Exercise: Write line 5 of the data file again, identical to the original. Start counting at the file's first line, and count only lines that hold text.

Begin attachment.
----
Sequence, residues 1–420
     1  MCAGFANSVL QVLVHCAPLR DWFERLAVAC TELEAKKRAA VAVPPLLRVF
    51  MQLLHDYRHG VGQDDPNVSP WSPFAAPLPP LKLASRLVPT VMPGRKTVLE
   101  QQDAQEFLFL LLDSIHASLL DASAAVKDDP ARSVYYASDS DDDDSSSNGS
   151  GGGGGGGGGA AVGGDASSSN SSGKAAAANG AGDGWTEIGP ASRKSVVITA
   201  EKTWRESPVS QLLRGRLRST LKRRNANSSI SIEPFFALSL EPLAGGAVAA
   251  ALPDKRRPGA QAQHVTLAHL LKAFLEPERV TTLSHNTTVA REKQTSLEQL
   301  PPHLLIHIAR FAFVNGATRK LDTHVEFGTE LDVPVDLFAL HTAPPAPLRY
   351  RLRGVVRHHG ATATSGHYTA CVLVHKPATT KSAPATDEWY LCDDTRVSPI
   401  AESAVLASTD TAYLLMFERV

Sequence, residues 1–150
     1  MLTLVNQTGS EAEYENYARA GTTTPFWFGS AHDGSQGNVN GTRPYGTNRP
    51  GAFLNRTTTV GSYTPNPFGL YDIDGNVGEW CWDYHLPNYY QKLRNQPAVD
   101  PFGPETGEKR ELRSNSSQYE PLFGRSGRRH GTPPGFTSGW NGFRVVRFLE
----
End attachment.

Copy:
   151  GGGGGGGGGA AVGGDASSSN SSGKAAAANG AGDGWTEIGP ASRKSVVITA